Lastly, Morphine is administered if chest pain doesn't resolve with Nitro and the BP is stable. Morphine helps with pain but also acts as a vasodilator, reducing ventricular preload and cardiac oxygen requirements. With a true MI usually the Nitro helps but the patient still has pain and is given Morphine.

Usually all of these steps happen rather quickly and I can say in the real world Morphine is never the first thing I think about when a patient presents with chest pain. I am thinking about getting them on the monitor, getting vitals, ECG, IV and labs, aspirin, nitro, then morphine. I want to know if their pain improves after the nitro or if it does nothing. If the Nitro does not help could this be a muscle strain or anxiety? How do their lungs sound? What were they doing when it started, how long ago did it start, have they had this pain before, what is their medical history? Are they diaphoretic, pale, or short of breath?

I would be really surprised if an answer on the actual NCLEX was the nurse should anticipate to give Morphine first when a patient presents with chest pain radiating to their left arm.

Morphine first.

Also, MONA is correct.

Please provide evidence based sources for these.

Think about the time required to place a nasal cannula on the patient (which was always at every bedspace when I worked in the ED) if indicated. Then contrast this with the time required to start an IV on the patient, go the Pyxis, remove the morphine, draw it up, and then administer it. In my opinion, this is a no-brainer.

However, for the rationale whether morphine sulfate should be the first intervention. From the 2000 ECC Guidelines Part 7: The Era of Reperfusion: Section 1: Acute Coronary Syndromes (Acute Myocardial Infarction) section on morphine (emphasis added):

Although nitroglycerin effectively relieves ischemic-type chest discomfort due to ACS, it should not be used as a substitute for narcotic analgesia, which is often necessary to relieve pain associated with MI. Morphine is indicated for continuing pain unresponsive to nitrates.

And the 2005 ECC Guidelines Part 8: Stabilization of the Patient With Acute Coronary Syndromes morphine section (emphasis added):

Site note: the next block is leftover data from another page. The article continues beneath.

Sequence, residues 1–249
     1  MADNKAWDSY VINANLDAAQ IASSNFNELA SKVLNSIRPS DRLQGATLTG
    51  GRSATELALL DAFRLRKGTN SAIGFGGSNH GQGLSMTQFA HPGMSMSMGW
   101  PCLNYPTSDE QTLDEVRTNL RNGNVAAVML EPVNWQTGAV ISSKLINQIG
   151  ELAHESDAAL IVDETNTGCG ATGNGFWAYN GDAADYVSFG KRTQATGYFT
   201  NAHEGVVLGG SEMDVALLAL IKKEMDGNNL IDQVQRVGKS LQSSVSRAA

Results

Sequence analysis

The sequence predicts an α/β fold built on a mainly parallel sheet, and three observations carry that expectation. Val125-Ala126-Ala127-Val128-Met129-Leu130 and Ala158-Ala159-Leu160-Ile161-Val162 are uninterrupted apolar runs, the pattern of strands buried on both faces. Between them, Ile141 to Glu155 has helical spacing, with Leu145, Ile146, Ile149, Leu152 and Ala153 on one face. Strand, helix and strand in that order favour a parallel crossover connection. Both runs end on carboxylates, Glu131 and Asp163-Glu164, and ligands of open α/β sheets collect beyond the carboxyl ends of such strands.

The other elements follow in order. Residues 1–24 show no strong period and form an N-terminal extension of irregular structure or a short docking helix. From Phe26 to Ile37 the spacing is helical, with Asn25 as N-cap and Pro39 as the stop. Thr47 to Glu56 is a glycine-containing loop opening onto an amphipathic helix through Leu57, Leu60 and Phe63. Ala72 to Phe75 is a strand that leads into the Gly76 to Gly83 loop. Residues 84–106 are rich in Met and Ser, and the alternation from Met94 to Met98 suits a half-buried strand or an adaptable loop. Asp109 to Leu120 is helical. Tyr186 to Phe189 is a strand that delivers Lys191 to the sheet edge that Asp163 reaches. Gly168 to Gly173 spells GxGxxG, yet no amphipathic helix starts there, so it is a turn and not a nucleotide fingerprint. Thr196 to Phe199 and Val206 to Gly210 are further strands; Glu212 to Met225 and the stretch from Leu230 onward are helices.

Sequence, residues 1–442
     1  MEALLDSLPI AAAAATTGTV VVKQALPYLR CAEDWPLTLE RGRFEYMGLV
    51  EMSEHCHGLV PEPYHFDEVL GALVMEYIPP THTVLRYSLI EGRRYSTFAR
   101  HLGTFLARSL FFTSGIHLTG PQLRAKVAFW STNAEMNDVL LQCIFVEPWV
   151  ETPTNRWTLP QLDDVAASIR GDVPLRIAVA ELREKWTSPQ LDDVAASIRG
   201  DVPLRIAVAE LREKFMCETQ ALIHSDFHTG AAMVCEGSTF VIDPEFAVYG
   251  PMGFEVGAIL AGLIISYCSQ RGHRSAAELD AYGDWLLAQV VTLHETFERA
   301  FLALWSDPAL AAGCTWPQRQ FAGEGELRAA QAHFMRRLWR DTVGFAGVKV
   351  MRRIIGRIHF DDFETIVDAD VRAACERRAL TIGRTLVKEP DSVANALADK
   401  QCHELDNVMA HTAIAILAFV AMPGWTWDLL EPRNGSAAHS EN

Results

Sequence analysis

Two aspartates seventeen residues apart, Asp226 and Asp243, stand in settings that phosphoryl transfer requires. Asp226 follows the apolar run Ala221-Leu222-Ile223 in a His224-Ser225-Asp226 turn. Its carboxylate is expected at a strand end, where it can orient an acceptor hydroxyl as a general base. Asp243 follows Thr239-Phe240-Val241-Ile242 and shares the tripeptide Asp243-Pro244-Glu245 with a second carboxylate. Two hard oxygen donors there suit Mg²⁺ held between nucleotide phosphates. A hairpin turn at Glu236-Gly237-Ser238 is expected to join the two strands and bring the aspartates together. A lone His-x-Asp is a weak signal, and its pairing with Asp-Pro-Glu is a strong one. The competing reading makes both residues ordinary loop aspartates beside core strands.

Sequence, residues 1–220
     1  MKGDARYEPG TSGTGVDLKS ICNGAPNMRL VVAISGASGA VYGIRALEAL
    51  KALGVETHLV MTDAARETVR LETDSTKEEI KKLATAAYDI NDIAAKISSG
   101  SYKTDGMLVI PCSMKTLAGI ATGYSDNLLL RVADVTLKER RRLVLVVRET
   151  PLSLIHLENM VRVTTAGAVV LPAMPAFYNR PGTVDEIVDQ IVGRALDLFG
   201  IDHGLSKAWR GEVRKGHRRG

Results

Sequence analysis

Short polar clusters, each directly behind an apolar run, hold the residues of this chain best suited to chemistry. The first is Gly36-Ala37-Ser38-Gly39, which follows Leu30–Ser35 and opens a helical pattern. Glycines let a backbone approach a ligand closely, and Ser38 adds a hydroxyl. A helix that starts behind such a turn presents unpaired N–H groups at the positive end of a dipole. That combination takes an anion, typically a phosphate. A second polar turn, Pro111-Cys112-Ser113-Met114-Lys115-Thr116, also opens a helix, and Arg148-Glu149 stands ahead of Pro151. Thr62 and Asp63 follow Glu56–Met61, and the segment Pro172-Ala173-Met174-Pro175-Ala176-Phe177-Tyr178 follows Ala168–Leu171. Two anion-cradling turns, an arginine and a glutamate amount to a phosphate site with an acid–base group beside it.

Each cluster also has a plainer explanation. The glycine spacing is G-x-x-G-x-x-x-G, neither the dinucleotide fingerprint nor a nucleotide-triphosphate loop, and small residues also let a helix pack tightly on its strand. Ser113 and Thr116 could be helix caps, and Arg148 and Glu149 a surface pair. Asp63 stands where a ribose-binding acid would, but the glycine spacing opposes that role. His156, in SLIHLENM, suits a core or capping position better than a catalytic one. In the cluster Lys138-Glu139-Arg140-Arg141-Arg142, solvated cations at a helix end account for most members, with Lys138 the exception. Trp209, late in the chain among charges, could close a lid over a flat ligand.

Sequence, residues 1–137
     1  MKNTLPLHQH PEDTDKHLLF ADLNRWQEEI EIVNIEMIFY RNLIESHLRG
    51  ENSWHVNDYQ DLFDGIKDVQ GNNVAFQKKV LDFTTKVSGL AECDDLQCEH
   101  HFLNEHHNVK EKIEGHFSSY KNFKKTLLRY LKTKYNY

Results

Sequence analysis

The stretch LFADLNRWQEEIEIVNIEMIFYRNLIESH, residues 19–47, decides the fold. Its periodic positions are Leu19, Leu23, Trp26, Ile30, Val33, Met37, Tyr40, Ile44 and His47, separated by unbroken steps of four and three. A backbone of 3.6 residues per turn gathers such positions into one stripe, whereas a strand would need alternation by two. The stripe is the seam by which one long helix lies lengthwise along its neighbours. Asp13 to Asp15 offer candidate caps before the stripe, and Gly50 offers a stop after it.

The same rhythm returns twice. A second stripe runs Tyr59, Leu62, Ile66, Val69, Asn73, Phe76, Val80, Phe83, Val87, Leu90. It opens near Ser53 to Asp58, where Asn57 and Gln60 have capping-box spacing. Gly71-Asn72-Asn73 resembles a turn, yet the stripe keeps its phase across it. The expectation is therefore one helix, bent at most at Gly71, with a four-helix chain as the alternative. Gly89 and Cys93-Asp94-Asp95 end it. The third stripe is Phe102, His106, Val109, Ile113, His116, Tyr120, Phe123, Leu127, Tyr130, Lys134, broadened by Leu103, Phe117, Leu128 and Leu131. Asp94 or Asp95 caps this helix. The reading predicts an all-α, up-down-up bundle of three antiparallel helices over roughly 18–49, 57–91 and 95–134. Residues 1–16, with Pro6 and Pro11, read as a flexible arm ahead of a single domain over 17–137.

Morphine sulfate is the analgesic of choice for continuing pain unresponsive to nitrates, and it is also effective in patients with pulmonary vascular congestion complicating ACS.

And finally, the 2010 ECC Guidelines Part 10: Acute Coronary Syndromes section on analgesia (emphasis added):

Providers should administer analgesics, such as intravenous morphine, for chest discomfort unresponsive to nitrates. Morphine is the preferred analgesic for patients with STEMI (Class I, LOE C). However, analysis of retrospective registry data raised a question about the potentially adverse effects of morphine in patients with UA/NSTEMIs…

The acronym MONA was introduced in the 2000 ECC Guidelines Part 7: The Era of Reperfusion: Section 1: Acute Coronary Syndromes (Acute Myocardial Infarction), Initial General Measures section:

…Administer morphine, oxygen, nitroglycerin, and aspirin (MONA”) to patients without contraindications. Determine the immediate treatment necessary, rapidly assess reperfusion eligibility, and administer necessary adjunctive treatments.

The intent was not to indicate a specific order of intervention, although it was frequently taught that way in ACLS by instructors who hadn't read the guidelines and were teaching only from the ACLS text. Further, these interventions were listed in the following order: Oxygen, nitroglycerin, morphine, and aspirin.

The MONA acronym was not contained in either the 2005 ECC Guidelines Part 8: Stabilization of the Patient With Acute Coronary Syndromes or the 2010 ECC Guidelines Part 10: Acute Coronary Syndromes. My suspicion, although I can't verify it, is that this was due to the confusion regarding the order in which these interventions were applied. In the 2005 ECC Guidelines the order in which these interventions was discussed was changed to the following: Oxygen, aspirin, nitroglycerin, and morphine sulfate. This order was retained in the 2010 Guidelines, however the phrasing was changed to the following: Oxygen, aspirin and nonsteroidal anti-inflammatory drugs, nitroglycerin, and analgesia.

The order is not MONA anymore, I believe the ACS protocol changed in 2012. I made a typo in my previous post (OANM is correct).

As Loo17 is correct, neither MONA nor ONAM would be correct.

Good luck on the NCLEX!

Edited by chare

whofan, ADN, BSN, RN

Specializes in ICU. Has 16 years experience.

The word always and never should be red flag, to get you to stop and think before choosing an answer.

At Hurst Live Review they said Oxygen Aspirin (chewable) Nitro and Morphine ...